Goliad County, Texas
|Goliad County, Texas|
The Goliad County Courthouse in Goliad. The courthouse and the surrounding square were added to the National Register of Historic Places on June 29, 1976.
Location in the U.S. state of Texas
Texas's location in the U.S.
|Named for||Miguel Hidalgo|
|• Total||859 sq mi (2,225 km2)|
|• Land||852 sq mi (2,207 km2)|
|• Water||7.4 sq mi (19 km2), 0.9%|
|• Density||8.5/sq mi (3/km²)|
|Time zone||Central: UTC-6/-5|
Goliad County (// GOH-lee-ad) is a county located in the U.S. state of Texas. As of the 2010 census, the population is 7,210. Its county seat is Goliad. The county is named for Father Miguel Hidalgo; "Goliad" is an anagram , minus the silent H. The county was created in 1836 and organized the next year.
The first declaration of independence for the Republic of Texas was signed in Goliad on December 20, 1835, although the formal declaration was made by the Convention of 1836 at Washington-on-the-Brazos. Goliad County was the site of two battles in the Texas Revolution. The Battle of Goliad was a minor skirmish early in the war. However the subsequent battle of Coleto was an important battle that culminated on March 27, 1836. Col. James Fannin and his Texan soldiers were executed by the Mexican army, under orders from Gen. Antonio López de Santa Anna, in what became known as the Goliad Massacre. This event led to the Texas Revolutionary battle cry "Remember the Alamo! Remember Goliad!" Although many remember the Alamo today, fewer remember Goliad. The site of the massacre is located near Presidio la Bahia, just south of the town of Goliad.
In 1874, Juan Moya, a prominent Tejano landowner and Mexican army captain who fought in the Texas Revolution, was lynched, along with his two sons, by a mob who suspected them of murdering a neighboring family in Goliad County.
- U.S. Highway 59
- Interstate 69W is currently under construction and will follow the current route of U.S. 59 in most places.
- U.S. Highway 77 Alternate/U.S. Highway 183
- State Highway 119
- State Highway 239
- Farm to Market Road 81
- Farm to Market Road 622
- Farm to Market Road 833
- DeWitt County (north)
- Victoria County (northeast)
- Refugio County (southeast)
- Bee County (southwest)
- Karnes County (northwest)
|U.S. Decennial Census
As of the census of 2000, there were 6,928 people, 2,644 households, and 1,975 families residing in the county. The population density was 8 people per square mile (3/km²). There were 3,426 housing units at an average density of 4 per square mile (2/km²). The racial makeup of the county was 82.62% White, 4.82% Black or African American, 0.55% Native American, 0.22% Asian, 0.01% Pacific Islander, 10.05% from other races, and 1.73% from two or more races. 35.20% of the population were Hispanic or Latino of any race.
There were 2,644 households out of which 33.10% had children under the age of 18 living with them, 62.10% were married couples living together, 8.70% had a female householder with no husband present, and 25.30% were non-families. 22.80% of all households were made up of individuals and 11.90% had someone living alone who was 65 years of age or older. The average household size was 2.57 and the average family size was 3.02.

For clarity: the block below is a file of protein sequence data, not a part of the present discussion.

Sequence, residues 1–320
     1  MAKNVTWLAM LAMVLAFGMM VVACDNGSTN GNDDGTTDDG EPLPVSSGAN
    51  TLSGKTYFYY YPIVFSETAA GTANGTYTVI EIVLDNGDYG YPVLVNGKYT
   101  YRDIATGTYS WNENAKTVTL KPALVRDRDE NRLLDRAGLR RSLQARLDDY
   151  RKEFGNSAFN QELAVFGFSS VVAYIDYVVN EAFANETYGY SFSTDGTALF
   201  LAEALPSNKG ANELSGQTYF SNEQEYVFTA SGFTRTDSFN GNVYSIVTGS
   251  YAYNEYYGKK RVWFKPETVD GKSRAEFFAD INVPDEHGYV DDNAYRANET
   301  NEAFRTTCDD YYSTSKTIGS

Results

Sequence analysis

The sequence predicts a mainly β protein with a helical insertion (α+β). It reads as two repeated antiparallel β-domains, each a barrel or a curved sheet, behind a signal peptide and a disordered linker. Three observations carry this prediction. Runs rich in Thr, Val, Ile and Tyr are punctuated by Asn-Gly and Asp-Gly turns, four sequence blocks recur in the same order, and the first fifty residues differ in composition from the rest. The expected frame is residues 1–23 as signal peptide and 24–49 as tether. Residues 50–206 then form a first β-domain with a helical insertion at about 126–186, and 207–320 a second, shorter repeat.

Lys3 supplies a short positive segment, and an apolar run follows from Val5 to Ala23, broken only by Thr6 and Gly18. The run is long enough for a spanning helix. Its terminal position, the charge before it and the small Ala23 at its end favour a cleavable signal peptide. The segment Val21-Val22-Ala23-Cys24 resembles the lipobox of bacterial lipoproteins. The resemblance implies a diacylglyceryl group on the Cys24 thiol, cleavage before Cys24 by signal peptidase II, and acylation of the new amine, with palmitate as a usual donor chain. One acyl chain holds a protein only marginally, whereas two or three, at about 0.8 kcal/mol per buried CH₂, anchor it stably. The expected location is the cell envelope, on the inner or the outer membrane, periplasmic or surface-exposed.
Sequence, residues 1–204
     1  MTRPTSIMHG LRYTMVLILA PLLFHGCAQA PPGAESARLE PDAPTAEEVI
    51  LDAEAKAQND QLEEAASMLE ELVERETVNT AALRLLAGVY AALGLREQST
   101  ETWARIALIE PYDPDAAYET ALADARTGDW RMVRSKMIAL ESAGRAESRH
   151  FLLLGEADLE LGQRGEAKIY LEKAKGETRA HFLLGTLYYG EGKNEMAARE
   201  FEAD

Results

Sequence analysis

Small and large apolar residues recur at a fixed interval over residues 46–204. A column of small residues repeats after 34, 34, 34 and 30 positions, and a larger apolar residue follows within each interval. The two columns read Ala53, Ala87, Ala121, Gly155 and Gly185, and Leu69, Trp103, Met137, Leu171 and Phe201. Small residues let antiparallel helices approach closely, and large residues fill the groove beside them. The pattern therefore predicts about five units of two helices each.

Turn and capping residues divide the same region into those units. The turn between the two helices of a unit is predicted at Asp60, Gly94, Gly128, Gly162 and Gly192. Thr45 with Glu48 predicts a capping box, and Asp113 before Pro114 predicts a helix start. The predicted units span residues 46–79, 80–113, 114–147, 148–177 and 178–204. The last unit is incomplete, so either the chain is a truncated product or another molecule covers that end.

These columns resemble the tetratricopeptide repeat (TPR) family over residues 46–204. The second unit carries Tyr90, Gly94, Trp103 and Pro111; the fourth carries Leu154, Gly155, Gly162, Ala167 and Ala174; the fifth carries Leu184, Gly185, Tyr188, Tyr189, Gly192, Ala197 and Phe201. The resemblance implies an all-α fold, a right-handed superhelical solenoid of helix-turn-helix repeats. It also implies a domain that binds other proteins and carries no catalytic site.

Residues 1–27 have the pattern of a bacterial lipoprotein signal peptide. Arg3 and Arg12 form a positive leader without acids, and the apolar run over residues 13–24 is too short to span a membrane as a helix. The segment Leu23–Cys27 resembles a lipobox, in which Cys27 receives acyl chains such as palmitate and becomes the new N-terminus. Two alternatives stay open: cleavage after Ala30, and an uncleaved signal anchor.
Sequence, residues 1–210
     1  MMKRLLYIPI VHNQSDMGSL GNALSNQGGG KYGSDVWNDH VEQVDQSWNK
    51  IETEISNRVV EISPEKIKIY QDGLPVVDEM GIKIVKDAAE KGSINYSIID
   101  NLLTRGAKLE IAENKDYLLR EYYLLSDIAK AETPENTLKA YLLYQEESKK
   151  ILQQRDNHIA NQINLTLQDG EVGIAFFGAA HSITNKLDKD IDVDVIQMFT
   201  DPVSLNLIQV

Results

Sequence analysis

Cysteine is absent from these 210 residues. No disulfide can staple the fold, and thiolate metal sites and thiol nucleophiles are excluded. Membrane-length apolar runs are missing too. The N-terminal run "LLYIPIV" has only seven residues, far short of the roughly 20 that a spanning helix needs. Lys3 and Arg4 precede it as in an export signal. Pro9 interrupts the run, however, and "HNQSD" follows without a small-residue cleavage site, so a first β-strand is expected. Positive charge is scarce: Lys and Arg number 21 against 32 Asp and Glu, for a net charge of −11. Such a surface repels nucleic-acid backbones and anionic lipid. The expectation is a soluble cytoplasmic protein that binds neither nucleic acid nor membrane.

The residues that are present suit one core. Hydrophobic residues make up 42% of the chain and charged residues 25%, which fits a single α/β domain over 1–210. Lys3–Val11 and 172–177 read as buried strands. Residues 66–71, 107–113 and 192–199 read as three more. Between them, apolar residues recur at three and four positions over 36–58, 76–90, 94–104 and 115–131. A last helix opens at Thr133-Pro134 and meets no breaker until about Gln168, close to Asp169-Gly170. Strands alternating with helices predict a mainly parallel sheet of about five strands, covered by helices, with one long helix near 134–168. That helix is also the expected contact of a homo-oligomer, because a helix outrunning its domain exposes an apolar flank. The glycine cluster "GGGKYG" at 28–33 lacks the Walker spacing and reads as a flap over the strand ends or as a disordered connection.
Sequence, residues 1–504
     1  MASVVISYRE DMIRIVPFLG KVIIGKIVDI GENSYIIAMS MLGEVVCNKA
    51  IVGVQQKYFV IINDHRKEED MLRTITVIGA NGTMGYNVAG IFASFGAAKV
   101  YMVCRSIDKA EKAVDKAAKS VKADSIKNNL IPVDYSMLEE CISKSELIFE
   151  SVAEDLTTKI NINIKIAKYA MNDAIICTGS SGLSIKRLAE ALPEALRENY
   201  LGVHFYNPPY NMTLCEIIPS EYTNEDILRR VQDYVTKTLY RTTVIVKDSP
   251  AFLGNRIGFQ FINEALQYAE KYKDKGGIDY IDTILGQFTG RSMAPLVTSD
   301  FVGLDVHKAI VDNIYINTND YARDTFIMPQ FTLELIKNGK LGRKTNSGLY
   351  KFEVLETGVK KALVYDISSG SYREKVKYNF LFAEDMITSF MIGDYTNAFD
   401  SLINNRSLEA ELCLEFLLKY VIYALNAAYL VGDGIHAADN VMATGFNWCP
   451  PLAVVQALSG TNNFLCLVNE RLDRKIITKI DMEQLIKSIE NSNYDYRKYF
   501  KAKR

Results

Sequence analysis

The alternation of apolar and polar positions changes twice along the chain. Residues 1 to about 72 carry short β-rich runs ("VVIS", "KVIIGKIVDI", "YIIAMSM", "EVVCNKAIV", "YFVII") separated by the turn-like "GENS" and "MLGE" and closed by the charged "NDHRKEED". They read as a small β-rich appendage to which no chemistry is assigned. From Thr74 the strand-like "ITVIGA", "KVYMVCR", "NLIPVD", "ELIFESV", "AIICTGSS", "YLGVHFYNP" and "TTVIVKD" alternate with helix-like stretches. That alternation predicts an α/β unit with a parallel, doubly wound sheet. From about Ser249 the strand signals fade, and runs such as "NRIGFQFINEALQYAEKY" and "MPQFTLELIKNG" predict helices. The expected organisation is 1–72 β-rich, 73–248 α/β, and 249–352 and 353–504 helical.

In the county, the population was spread out with 25.90% under the age of 18, 6.50% from 18 to 24, 25.00% from 25 to 44, 25.20% from 45 to 64, and 17.50% who were 65 years of age or older. The median age was 40 years. For every 100 females there were 98.90 males. For every 100 females age 18 and over, there were 94.10 males.
The median income for a household in the county was $34,201, and the median income for a family was $40,446. Males had a median income of $30,954 versus $20,028 for females. The per capita income for the county was $17,126. About 11.90% of families and 16.40% of the population were below the poverty line, including 25.70% of those under age 18 and 11.10% of those age 65 or over.
Goliad County is served by the Goliad Independent School District.
- Goliad (county seat)
- List of museums in South Texas
- National Register of Historic Places listings in Goliad County, Texas
- "State & County QuickFacts". United States Census Bureau. Retrieved December 16, 2013.
- "Find a County". National Association of Counties. Archived from the original on 2011-05-31. Retrieved 2011-06-07.
- Gannett, Henry (1905). The Origin of Certain Place Names in the United States. Govt. Print. Off. p. 139.
- "Goliad County". Texas Almanac. Texas State Historical Association. Retrieved June 20, 2015.
- Marsh, Gloria Candelaria (August 6, 2003). "Handbook of Texas Online:Juan Moya". Retrieved 9 November 2016.
- "2010 Census Gazetteer Files". United States Census Bureau. August 22, 2012. Retrieved April 27, 2015.
- "Population and Housing Unit Estimates". Retrieved June 9, 2017.
- "U.S. Decennial Census". United States Census Bureau. Archived from the original on May 12, 2015. Retrieved April 27, 2015.
- "Texas Almanac: Population History of Counties from 1850–2010" (PDF). Texas Almanac. Retrieved April 27, 2015.
- "American FactFinder". United States Census Bureau. Archived from the original on 2013-09-11. Retrieved 2011-05-14.
- Goliad County Government
- Goliad County Chamber of Commerce
- Goliad County in Handbook of Texas Online
- "Goliad County Profile" from the Texas Association of Counties
||Karnes County||DeWitt County||Victoria County|
|Bee County||Refugio County|